​The scheme did not proceed. Indah Kiat withdrew its application, reportedly after APPIO sold its claims.


Although these cases are highly unusual in certain respects, they cover a lot of familiar ground and provide some useful guidance of wider application in relation to the scheme procedure, class issues and the use of schemes by overseas companies. 

All three cases demonstrate that the court remains reluctant to fracture classes.  For example, although he did not decide the point, Snowden J‘s provisional view in the Indah Kiat case was that APPIO should not be in a separate class by virtue of the assignment of rights under the US order.  However, scheme proponents should bear in mind that the rights for some creditors to nominate directors in the Privatbank case clearly caused Asplin J some pause for thought, presumably in light of the Stemcor decision (Stemcor Trade Finance Limited, 17 September 2015, [2015] EWHC 2662 (Ch),Snowden J, 30 September 2015, [2015] EWHC 2803 (Ch), Morgan J.). Also, where a number of rights may be available to creditors, Nugee J’s suggestion that, a statement setting out the cumulative effects of those rights should be issued, warrants further consideration.  The approach taken to consent fees is not new.  However, David Richards J’s suggestion that, where materiality needs to be tested, this would be better done by reference to the price paid for the debt, rather than its par value, raises difficult issues. Not least because scheme creditors are likely to be reluctant to disclose price information, and may have bought debt piecemeal at a range of prices.

In each case, familiar considerations were key to the analysis:  the level of creditor engagement and support and what alternatives to the scheme were available.  Clearly these are relevant in a number of respects, including when assessing what constitutes adequate notice.  Snowden J’s guidance on this is helpful:  ‘The more complex or novel a scheme, and the less consultation that has taken place with creditors as a whole beforehand, the longer the notice should generally be unless the matter is of great urgency because the company is in real financial distress’. 

The same factors (among others) are relevant when considering whether to sanction the scheme.  However, Codere and Privatbank serve as a reminder that the court does not serve as a rubber stamp.  Even a scheme which enjoys high levels of creditor support, is unopposed and urgent, must be considered carefully by reference to all the evidence.  So, in the case of Privatbank, the judge was keen to consider why the creditors, which had previously opposed the scheme, had changed their position, and in Codere the accession of the co-obligor warranted the court’s scrutiny.  However, the greatest scrutiny is reserved for those cases where there is opposition, such as Indah Kiat.  In these cases, the court will be particularly alert to failures to satisfy procedural requirements and deficiencies in the evidence, especially in relation to the alternatives to the scheme, which must be fully analysed (though precisely what this means is not clear).  It seems unlikely that firms will be prepared to permit reliance on fairness opinions, as was suggested by the judge in Indah Kiat, though one wonders whether this had more to do with his questioning the whole process of the scheme than anything else.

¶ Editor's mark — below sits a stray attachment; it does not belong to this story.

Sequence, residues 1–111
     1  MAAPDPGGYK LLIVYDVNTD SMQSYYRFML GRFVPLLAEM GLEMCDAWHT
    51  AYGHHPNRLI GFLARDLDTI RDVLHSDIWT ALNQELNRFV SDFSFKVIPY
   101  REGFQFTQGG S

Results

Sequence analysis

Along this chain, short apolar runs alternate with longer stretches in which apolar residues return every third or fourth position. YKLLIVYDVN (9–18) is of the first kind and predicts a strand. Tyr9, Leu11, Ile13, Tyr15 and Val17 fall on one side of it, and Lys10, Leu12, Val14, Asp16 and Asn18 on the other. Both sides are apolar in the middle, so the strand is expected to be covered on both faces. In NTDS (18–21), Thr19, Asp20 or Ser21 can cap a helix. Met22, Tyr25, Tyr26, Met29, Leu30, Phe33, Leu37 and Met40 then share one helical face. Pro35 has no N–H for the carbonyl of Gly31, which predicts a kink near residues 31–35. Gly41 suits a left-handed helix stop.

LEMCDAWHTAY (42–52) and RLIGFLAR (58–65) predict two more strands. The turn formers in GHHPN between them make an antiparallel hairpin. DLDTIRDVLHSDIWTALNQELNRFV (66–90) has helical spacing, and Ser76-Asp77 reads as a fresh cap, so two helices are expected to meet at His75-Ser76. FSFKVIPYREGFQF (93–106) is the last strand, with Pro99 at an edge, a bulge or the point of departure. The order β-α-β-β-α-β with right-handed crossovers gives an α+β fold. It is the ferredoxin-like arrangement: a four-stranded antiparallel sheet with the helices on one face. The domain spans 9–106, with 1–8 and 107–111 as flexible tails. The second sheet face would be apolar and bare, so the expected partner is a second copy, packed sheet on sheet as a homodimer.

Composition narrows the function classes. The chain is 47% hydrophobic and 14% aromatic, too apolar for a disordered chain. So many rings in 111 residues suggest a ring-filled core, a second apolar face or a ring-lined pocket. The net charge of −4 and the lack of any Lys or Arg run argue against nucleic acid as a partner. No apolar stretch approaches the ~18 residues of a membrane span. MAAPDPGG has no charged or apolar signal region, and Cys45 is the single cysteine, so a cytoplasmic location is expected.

Since his judgment in Van Gansewinkel, Snowden J has been associated by some commentators with a drive to increase scrutiny in scheme cases.  In Indah Kiat he had the opportunity to record the rationale for this, being that ‘the scheme jurisdiction can only work properly and command respect internationally if parties invoking the jurisdiction exhibit the utmost candour with the court.’ This is clearly right, and a timely reminder given the popularity of schemes with overseas companies and the innovative ways in which they are accessing the scheme jurisdiction. Newey J’s explicit acknowledgement of the concept of good forum shopping is a further, and welcome, example of the English judiciary’s commercial approach and willingness to facilitate this practice.  Unlike Nugee J, at the convening hearing, Newey J had the benefit of extensive submissions on the various ways in which forum shopping has already been endorsed by the courts, both in relation to schemes and pre-packs.  Arguably, though, he was not being asked to sanction anything “novel” or “extreme” given that the relevant finance documents contemplated the accession of a new obligor, and this was not the first case in which a company has assumed liabilities in order to use a scheme to restructure them (Privatbank’s use of the deed poll was cited as an example, as was the insurance scheme Re AI Scheme Ltd [2015] EWHC 1233 (Ch)).

Whether the scheme procedure does command respect internationally is difficult to verify.  On the basis of the expert evidence submitted in these cases, the number of jurisdictions in which a scheme may be recognised continues to increase (including Panama, Mexico and Argentina in the Codere case). However, the approach that the courts in these jurisdictions will take cannot be clarified unless recognition is actively sought, or a challenge is raised. 

A question that remains unresolved is the application of the Judgments Regulation to schemes.  If the Indah Kiat scheme had proceeded, this point may have been decided. APPIO intended to contend that the regulation applies to schemes such that it would have deprived the English court of jurisdiction to sanction the scheme in that case (because no scheme creditors appeared to be domiciled in England).  Whether clarification of the Judgments Regulation issue is desirable becomes a rather more complex question in the light of the UK referendum decision to leave the European Union and the uncertainty as to what the UK's relationship with the EU and the rest of the world will be.